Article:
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Agenda: An Anthology
The First Four Decades 1959-1993
Edited by William Cookson
RRP: GBP 12.95
You Save: GBP 1.29
Price: GBP 11.65
Currently Out of Stock
ISBN: 978 1 857543 02 5
Imprint: Lives and Letters
Published: October 1996
215 x 134 x 28 mm
Publisher: Carcanet Press
Also available in: Hardback
Agenda, one of the longest-lived and most distinctive 'little magazines' of the last four decades, was established in 1959 by the young William Cookson in response to a suggestion from Ezra Pound. Cookson combines a commitment to contemporary work with special issues reappraising the crucial figures in his Modernist firmament: Pound, MacDiarmid, David Jones. He has kept an attentive eye on the classics, and on the Moderns in languages other than English -- notably Cocteau, Mandelshtam and Ungaretti.
Many major poets choose to publish in Agenda despite its modest circulation and small fees: it allows writers freedom and confers, by its imprimatur, legitimacy on the new. For Cookson the legacy of Modernism is vital; it has not been displaced by reaction or the post-modern but remains a challenge, in the present. Among distinguished poets of our time we find Geoffrey Hill, Donald Davie, C.H. Sisson, Seamus Heaney, R.S. Thomas and Tom Scott prominent in Agenda's pages.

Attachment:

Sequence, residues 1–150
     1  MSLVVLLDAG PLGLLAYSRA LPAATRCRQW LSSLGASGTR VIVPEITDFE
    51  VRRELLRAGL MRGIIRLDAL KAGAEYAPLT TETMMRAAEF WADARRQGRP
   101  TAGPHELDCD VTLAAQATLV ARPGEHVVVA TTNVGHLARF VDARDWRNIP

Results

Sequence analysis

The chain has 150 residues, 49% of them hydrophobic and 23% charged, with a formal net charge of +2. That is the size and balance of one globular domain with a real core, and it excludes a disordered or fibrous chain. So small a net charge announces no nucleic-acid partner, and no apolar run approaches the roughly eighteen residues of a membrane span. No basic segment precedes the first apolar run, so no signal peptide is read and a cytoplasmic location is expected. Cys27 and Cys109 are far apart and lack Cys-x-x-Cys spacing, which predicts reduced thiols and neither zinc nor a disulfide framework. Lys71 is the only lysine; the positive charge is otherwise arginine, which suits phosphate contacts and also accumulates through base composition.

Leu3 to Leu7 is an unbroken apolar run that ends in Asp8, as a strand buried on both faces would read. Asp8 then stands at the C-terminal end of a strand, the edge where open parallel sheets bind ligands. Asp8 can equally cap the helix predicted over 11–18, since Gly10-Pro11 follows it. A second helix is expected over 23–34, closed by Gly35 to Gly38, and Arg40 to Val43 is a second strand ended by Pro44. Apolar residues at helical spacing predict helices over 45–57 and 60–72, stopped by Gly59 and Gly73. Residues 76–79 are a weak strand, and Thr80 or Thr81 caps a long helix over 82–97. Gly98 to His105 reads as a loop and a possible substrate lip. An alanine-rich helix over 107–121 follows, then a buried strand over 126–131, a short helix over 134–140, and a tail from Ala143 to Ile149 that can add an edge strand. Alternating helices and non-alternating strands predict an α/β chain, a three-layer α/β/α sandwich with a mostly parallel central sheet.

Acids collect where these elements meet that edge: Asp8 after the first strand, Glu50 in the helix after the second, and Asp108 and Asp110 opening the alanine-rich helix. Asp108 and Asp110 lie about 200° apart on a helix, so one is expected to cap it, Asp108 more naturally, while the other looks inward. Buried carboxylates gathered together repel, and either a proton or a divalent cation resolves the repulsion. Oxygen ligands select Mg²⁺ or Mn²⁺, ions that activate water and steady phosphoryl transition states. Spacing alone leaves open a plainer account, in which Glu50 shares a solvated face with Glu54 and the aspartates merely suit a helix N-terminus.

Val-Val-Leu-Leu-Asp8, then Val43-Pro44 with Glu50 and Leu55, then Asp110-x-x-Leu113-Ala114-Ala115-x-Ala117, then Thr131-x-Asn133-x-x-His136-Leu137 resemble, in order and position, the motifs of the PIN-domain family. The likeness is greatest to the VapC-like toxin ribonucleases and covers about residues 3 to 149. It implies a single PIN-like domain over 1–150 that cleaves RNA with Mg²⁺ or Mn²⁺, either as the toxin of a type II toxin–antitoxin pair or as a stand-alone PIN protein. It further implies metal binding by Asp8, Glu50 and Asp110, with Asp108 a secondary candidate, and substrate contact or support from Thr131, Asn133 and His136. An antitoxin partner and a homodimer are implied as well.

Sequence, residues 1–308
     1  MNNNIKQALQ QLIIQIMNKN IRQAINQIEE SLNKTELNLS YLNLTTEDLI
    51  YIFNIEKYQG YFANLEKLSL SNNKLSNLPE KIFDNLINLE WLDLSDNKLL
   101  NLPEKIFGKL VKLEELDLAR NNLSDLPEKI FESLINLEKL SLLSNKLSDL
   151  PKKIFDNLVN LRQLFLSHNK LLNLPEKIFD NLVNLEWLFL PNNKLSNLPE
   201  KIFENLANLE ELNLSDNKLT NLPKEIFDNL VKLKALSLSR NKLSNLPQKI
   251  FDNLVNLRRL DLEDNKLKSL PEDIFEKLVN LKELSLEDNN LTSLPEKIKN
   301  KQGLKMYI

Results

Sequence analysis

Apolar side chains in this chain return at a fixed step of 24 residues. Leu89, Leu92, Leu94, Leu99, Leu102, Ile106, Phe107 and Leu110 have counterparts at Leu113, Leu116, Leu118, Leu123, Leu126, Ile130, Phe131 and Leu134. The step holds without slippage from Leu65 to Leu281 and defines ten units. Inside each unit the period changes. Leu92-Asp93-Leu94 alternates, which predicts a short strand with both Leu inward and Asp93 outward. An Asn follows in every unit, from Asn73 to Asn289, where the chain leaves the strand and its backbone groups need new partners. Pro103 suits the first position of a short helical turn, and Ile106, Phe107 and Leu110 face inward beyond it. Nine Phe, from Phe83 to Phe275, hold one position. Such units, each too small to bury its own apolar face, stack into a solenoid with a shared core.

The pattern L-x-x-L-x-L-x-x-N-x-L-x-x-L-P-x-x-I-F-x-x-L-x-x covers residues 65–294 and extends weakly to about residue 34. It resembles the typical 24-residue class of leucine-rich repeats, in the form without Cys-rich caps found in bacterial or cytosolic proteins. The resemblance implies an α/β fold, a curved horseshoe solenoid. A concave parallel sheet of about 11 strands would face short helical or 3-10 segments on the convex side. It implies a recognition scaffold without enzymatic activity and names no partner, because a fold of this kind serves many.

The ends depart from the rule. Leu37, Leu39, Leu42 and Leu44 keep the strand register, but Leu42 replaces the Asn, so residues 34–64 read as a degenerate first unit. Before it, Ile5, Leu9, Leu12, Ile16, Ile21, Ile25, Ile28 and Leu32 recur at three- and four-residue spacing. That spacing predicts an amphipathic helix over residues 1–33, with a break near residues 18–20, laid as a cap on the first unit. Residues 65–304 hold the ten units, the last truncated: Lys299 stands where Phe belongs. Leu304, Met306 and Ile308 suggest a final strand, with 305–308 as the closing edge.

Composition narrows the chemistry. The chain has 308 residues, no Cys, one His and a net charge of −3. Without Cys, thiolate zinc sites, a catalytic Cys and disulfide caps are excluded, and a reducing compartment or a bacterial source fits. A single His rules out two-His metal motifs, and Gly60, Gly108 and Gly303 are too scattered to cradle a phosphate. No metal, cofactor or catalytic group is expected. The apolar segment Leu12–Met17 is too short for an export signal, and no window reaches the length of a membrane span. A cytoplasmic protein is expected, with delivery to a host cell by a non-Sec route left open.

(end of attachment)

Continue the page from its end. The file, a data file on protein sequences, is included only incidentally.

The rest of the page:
This anthology, first published in 1994 and now available in paperback, is divided into antecedents, modern poetry, criticism, memoirs and the polemics which give it its timeless authority, as though it was a lineal descendant of Criterion and the legendary Calendar of Modern Letters.
'The briefest look at the index of poets represented here will testify to the work done by Agenda since it appeared in 1959.'
Times Literary Supplement
Praise for Grey Gowrie 'The Domino Hymn' rages movingly against the dying of the light, covering heroic distances and charting epic struggles in the space of eighteen unflinching and atmospheric pages. Grey Gowrie's poems - utterly free from any querulous or self-pitying role - touch the reader's own heart as they give voice to the 'poor, bare, forked' individuals who are enmeshed in the tubes and wires of machine-age medicine.'
Times Literary Supplement 'Grey Gowrie's great Third Day: New and Selected Poems - a fine, stoical portrait of the age - fulfils all expectations'.
Derek Mahon, the Irish Times, 29 November 2008
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